Testing the Microwave Diode

Before you even attempt to replace the diode on your GE, Whirlpool, or KitchenAid microwave, do a functionality test to confirm your suspicion.
You can visibly confirm the diode is burned-out when you see physical damages.
In case there are physical damages, use a multimeter to test if the diode still has a continuous electrical path.
To test the diode for continuity:
Touch the positive and negative terminals of the high-voltage diode with the multimeter probes.
If the diode test negative for continuity on both of its sides, the diode has failed and will need a new one for replacement.

Microwave maiking loud noises

Tip #3: Weird Noises

. A high-pitched noise while the microwave is in use means there's a good chance the magnetron tube or diode is failing. If the exhaust fan or magnetron tube are the culprits, you will need to call a local appliance repair service.
DIODE HIGH VOLTAGE You might have an issue with the high-voltage diode if your microwave is generating an odd or loud whirring sound. This element, together with the magnetron and the capacitor, is a part of the high-voltage circuit. The cabinet needs to be taken out in order to get to the diode.

BUZZING AND HUMMING Most buzzing or humming noises are frequently caused by the fan motor, vent fan, magnetron, or any combination of these. This noise from routine operations gradually gets louder over time.
As the microwave oven warms up, the oscillation happens, and the fan helps keep the mechanical parts from overheating. You might need repairs if the volume of your microwave suddenly increases.
Try running the magnetron at a lower power setting while putting food inside to see whether the magnetron is the cause of your problem. This will cause the magnetron to switch on and off to maintain the proper temperature. If the magnetron is the issue, there should be less noise.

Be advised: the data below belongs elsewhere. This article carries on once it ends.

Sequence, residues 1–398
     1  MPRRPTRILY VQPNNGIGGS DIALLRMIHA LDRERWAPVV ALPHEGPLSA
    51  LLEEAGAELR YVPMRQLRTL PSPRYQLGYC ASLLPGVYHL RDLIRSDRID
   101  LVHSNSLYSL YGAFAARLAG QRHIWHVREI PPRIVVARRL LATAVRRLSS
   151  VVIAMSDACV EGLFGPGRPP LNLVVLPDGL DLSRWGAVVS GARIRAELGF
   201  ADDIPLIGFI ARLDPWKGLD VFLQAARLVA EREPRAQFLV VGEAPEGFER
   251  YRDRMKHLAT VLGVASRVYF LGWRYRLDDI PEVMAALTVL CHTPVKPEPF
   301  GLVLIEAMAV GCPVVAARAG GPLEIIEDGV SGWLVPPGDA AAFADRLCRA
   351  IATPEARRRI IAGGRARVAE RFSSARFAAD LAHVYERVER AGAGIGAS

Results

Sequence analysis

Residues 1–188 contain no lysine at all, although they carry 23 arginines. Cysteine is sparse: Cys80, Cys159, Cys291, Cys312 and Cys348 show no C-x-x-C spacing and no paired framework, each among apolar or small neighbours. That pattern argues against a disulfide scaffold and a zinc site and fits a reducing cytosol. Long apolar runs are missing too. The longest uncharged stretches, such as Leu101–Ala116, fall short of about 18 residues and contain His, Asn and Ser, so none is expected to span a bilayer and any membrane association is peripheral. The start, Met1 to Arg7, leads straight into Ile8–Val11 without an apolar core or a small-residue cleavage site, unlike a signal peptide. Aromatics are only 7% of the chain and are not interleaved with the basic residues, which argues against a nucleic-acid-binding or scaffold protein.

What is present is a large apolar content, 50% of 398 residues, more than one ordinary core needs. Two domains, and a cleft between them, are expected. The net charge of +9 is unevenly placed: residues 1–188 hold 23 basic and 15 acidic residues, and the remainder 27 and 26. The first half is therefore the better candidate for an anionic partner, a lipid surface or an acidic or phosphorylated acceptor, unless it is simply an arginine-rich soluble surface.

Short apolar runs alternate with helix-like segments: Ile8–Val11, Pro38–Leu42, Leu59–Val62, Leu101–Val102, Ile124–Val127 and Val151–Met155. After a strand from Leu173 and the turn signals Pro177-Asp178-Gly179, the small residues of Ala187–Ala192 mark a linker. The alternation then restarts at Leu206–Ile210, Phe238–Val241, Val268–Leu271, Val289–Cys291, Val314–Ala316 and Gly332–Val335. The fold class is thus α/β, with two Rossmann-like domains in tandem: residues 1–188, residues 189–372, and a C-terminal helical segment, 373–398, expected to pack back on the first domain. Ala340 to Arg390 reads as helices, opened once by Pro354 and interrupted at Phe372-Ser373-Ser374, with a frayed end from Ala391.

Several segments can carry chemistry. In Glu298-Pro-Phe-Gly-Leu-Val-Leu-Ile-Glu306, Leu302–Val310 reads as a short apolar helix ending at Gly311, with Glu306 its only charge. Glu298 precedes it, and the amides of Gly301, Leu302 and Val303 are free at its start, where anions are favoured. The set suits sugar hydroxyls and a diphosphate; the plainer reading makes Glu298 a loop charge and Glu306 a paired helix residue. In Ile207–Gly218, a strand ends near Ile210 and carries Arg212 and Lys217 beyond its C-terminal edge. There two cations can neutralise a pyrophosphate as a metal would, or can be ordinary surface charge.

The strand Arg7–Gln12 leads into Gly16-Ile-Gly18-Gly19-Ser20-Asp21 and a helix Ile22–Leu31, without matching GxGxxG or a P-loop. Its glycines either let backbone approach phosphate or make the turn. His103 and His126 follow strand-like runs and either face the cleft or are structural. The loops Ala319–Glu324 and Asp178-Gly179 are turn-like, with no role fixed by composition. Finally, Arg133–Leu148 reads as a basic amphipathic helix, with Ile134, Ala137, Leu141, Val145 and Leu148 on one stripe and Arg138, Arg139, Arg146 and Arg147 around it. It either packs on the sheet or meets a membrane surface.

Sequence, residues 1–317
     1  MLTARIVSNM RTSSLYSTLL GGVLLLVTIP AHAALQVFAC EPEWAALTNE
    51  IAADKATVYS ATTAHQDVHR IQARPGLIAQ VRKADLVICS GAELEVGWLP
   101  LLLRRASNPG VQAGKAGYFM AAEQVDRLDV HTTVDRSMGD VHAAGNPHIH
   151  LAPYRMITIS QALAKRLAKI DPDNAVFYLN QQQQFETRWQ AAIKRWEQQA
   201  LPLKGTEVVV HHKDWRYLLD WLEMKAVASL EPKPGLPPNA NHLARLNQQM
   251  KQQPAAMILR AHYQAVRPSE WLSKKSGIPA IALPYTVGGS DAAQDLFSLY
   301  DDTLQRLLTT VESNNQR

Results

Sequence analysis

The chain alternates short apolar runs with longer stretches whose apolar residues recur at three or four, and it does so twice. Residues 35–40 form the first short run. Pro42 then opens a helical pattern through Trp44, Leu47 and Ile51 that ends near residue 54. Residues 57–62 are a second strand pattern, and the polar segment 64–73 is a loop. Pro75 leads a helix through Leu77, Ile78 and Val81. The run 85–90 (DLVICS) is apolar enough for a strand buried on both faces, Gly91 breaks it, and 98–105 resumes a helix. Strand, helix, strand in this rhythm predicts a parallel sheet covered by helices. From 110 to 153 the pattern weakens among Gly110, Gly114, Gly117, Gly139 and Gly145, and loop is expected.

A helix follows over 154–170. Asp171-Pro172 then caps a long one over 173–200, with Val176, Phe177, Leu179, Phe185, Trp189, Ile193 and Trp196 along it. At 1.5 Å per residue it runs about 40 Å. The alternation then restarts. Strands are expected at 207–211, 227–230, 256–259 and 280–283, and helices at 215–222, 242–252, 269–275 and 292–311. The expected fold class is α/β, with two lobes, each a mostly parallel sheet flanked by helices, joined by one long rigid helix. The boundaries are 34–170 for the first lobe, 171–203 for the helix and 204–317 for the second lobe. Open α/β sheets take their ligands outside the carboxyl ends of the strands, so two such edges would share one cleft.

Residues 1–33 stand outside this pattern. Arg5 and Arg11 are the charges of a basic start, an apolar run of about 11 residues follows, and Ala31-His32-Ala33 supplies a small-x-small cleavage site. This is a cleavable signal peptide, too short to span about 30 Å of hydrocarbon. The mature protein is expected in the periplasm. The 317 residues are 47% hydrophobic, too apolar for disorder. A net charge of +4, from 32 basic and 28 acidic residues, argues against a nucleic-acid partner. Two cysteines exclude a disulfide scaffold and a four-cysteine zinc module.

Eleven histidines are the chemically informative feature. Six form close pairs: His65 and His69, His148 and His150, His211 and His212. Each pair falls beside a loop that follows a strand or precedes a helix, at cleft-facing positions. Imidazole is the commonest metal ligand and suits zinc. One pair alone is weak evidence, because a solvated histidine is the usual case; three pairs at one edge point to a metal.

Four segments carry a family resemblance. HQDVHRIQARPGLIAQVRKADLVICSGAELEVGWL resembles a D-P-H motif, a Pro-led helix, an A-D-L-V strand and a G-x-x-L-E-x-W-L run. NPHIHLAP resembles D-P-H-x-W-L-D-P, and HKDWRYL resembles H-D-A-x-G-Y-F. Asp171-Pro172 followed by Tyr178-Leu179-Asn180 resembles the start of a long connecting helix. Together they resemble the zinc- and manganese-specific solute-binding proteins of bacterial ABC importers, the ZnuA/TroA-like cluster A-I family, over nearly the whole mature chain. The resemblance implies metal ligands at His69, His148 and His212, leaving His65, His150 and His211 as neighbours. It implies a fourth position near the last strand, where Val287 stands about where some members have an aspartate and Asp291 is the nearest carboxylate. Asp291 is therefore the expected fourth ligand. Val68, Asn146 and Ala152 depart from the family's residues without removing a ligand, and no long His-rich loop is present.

CLICKING NOISES Even though your microwave might not have a revolving plate, some models spin food using a glass turntable or plate. This component aids in ensuring even heating throughout your meal. However, occasionally clicking noises may result from this action.
If you constantly hear clicking, see if your glass plate, roller ring, or track needs to be cleaned. These are simple to clean with soap and water, but you might have neglected to do so. The location of the plate is what determines the other option, so be sure it is still on course.
POPPING As you prepare food or after spilling food, you might describe the sound of your microwave as popping, crackling, or snapping. However, these tones frequently come from dishes with significant water or fat content, particularly sauces.
POWERFUL SOUNDS When it comes to microwaves or other appliances, these noises continue to be the most alarming. You should replace your microwave if the device starts to make an electric-sounding noise called arcing.

If you notice that while using your microwave, the electricity flashes in addition to making a sound.

Stop using your microwave if this occurs and you notice a hole in the back o WHY DOES MY MICROWAVE MAKE A VIBRATING NOISE

There can be various reasons behind a microwave making vibrating noises. Some are given below.
POWER MOTOR Your microwave's drive motor may be malfunctioning if the turntable is making an odd noise. The majority of microwaves with glass trays turn the tray with a motor-driven coupler or a roller guide.
Access must be made through the bottom of the oven because the motor is normally found below the floor. Normally, a holding screw holds the motor in place, and two wires are connected to it as well. The motor must be replaced if it is creating a grinding sound.
its because it is now dangerous.
A loud humming or buzzing sound could result from a damaged magnetron
PUSH COUPLER If your microwave is making an odd noise, the drive coupler for the turning tray can be the cause. The majority of microwaves with spherical glass trays revolve around the tray on a roller guide using a motor-driven coupler.
A drive coupler with an offset center roller is sometimes used in models that employ a rectangular tray to move the tray guide from side to side. Remove the tray and roller guide from the oven for either style and then check the coupler. Before you can pull the coupler off the motor on some models, you might first need to remove the motor from the bottom.
ROLLER GUIDE If the turning tray in your microwave makes an odd noise while rotating, there might be an issue with the roller guide underneath the tray. A motor-driven coupler is sometimes used in microwave ovens with spherical glass trays to turn the roller guide.